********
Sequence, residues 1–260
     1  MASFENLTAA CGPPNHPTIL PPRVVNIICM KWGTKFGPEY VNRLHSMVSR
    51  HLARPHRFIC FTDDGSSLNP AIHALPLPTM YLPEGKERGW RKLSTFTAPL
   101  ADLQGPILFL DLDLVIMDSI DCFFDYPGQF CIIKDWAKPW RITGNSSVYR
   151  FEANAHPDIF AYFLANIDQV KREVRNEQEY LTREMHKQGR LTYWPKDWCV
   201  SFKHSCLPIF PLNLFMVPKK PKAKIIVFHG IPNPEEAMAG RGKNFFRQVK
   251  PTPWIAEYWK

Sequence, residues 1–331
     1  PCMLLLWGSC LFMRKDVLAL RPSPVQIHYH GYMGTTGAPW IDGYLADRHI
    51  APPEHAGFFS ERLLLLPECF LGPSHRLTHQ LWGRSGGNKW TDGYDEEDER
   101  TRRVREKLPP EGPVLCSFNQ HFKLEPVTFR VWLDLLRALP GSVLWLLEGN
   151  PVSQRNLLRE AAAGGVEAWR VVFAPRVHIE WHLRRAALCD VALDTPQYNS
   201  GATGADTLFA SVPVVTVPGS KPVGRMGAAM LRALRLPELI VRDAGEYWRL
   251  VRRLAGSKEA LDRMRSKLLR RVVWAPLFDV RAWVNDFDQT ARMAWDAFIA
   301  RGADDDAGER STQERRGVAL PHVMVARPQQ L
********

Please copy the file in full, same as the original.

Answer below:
Sequence, residues 1–260
     1  MASFENLTAA CGPPNHPTIL PPRVVNIICM KWGTKFGPEY VNRLHSMVSR
    51  HLARPHRFIC FTDDGSSLNP AIHALPLPTM YLPEGKERGW RKLSTFTAPL
   101  ADLQGPILFL DLDLVIMDSI DCFFDYPGQF CIIKDWAKPW RITGNSSVYR
   151  FEANAHPDIF AYFLANIDQV KREVRNEQEY LTREMHKQGR LTYWPKDWCV
   201  SFKHSCLPIF PLNLFMVPKK PKAKIIVFHG IPNPEEAMAG RGKNFFRQVK
   251  PTPWIAEYWK

Sequence, residues 1–331
     1  PCMLLLWGSC LFMRKDVLAL RPSPVQIHYH GYMGTTGAPW IDGYLADRHI
    51  APPEHAGFFS ERLLLLPECF LGPSHRLTHQ LWGRSGGNKW TDGYDEEDER
   101  TRRVREKLPP EGPVLCSFNQ HFKLEPVTFR VWLDLLRALP GSVLWLLEGN
   151  PVSQRNLLRE AAAGGVEAWR VVFAPRVHIE WHLRRAALCD VALDTPQYNS
   201  GATGADTLFA SVPVVTVPGS KPVGRMGAAM LRALRLPELI VRDAGEYWRL
   251  VRRLAGSKEA LDRMRSKLLR RVVWAPLFDV RAWVNDFDQT ARMAWDAFIA
   301  RGADDDAGER STQERRGVAL PHVMVARPQQ L